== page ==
The piece served to create a beautiful debate in the Magic: The Gathering community with professionals and amateurs analyzing honestly certain areas of their games, focusing mainly on their cognitive prejudices.
The main idea is that these (cognitive prejudices) lead you to a wrong judgment and make wrong decisions.
M: TG (Magic: The Gathering) and poker are not at all the same game, but they still have some similarities. Both are card games and both affect both strategy and luck.
From Poker Listings, we will try to do our best to try to adapt the eight concepts of pro da Rosa to the world of poker. Who knows, you might even learn a lot from them.
Rule of first impression (feelings)
It seems that people do not perceive the total of the experience, the sum of everything lived, but the average of how it was at its summit (e.g., pleasurable or suffered) and how it all ended.
This point has a direct correlation with poker. Imagine that you are very lucky in the last major hands of a cash game; you leave the table thinking that you have played really well.
If you have been losing for most of the cash game and in the end you are lucky enough to beat your opponent with AJ> QQ, this does not mean that your game is solid.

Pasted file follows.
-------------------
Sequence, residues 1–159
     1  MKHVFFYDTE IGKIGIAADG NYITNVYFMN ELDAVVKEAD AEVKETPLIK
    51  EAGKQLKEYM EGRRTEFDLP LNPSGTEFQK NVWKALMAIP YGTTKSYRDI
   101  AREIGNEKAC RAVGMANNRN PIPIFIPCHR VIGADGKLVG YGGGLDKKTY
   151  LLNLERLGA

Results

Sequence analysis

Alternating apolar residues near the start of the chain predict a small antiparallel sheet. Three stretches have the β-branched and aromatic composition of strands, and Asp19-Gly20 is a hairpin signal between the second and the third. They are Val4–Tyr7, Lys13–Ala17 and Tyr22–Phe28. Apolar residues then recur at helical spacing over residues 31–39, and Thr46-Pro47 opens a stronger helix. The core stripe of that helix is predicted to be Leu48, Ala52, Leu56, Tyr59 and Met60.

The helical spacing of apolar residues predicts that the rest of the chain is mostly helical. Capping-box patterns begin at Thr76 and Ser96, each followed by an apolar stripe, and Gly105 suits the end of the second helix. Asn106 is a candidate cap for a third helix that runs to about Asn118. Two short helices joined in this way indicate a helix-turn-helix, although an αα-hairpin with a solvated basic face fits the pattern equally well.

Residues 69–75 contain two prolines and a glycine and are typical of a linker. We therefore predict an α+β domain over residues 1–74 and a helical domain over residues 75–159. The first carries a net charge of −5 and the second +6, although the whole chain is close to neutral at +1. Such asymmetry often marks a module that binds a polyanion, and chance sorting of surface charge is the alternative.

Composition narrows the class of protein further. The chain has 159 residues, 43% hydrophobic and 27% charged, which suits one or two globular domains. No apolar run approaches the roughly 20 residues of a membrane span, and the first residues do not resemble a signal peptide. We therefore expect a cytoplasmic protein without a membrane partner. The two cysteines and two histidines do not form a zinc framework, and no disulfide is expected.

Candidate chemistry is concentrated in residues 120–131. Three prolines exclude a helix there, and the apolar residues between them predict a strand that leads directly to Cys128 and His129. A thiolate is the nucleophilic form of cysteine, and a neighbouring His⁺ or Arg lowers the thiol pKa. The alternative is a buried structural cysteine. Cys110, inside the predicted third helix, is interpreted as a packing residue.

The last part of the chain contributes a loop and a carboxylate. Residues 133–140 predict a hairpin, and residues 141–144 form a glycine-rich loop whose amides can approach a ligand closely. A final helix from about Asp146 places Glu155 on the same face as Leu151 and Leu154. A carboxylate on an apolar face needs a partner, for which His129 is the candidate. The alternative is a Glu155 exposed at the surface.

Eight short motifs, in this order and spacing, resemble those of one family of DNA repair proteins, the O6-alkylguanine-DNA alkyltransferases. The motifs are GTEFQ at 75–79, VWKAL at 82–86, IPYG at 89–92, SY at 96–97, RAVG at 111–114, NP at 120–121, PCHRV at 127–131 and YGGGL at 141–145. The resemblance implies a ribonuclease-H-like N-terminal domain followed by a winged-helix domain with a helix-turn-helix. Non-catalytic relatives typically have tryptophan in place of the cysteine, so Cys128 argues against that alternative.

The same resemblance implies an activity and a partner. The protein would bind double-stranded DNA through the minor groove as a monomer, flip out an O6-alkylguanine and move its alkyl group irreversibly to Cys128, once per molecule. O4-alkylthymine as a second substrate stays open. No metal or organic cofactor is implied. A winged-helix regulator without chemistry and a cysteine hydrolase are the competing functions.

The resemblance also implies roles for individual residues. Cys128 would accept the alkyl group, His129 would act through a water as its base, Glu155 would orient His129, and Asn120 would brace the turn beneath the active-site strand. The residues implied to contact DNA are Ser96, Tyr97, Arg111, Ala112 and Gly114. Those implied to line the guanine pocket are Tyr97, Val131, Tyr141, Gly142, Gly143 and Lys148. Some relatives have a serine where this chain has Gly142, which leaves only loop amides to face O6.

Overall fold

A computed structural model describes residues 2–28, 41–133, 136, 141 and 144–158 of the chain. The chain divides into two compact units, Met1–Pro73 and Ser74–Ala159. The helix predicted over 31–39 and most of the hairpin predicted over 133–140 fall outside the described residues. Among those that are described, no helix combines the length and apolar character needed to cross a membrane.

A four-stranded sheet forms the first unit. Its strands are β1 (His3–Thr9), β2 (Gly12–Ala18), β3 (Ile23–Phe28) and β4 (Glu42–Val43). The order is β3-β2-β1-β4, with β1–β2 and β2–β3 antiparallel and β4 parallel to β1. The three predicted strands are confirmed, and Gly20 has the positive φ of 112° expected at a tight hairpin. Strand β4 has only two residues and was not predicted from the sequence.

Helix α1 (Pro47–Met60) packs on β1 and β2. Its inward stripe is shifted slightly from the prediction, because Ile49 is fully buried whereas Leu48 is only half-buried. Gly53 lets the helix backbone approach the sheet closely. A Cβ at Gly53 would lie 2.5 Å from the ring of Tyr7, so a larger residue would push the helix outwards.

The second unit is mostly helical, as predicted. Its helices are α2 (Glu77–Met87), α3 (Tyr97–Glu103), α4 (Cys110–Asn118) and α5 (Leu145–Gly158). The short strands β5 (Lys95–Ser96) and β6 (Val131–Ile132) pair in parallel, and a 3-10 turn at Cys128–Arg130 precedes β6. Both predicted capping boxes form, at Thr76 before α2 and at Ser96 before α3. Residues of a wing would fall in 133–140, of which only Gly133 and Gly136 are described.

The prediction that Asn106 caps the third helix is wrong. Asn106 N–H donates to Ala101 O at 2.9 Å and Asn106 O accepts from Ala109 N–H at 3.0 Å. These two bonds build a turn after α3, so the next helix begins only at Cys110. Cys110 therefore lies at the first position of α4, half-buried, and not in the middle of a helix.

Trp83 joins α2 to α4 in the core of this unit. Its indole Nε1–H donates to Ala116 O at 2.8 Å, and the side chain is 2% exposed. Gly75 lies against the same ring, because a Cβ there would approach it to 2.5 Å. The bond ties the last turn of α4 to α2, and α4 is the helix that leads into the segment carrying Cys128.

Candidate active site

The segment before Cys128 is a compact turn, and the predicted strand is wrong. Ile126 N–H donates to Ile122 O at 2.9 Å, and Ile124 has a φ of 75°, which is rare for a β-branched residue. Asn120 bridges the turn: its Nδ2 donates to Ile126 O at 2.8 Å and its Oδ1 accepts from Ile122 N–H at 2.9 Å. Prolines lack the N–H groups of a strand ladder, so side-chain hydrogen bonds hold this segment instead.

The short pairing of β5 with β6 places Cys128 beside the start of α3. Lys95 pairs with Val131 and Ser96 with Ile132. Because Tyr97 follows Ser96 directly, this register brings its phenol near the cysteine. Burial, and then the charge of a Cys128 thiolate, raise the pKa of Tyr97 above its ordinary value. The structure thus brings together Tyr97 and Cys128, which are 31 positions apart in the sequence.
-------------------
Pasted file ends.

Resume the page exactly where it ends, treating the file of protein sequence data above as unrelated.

Interpreting this rule from the point of view of a tournament, we could take as an example that you make a hero call that offers you a good pot, but little by little you are losing all your chips for being unable to defend your blinds, besides making some mistake fundamental.
Making big winning moves in poker is a lot of fun and makes you feel good, but you cannot judge your session based on a hand.
Be honest when discussing your session, even when you earn money you should be able to see mistakes and inconsistencies in your game quickly.
The fallacy of the player
To have a tendency to think that future probabilities are altered by past events, when in reality these do not change, they remain the same.
This may be the most relevant point for poker players since it is completely related to the appearance of the game.
Most players are probably familiar with the concept of the player’s fallacy, mainly because they have had a poor experience with some decision or style of play in the past, if this happens, it does not mean that you should stop taking the same decision or play the same way.
For example, we can think of a pair of tens, this is a good hand, but it can be beat. If on two consecutive occasions your tens are defeated by JT, this does not mean that you should stop playing these.
You need to analyze and critically evaluate each move regardless of the end result. If the decision is correct, you must continue to act the same even though it has not gone well on a couple of occasions.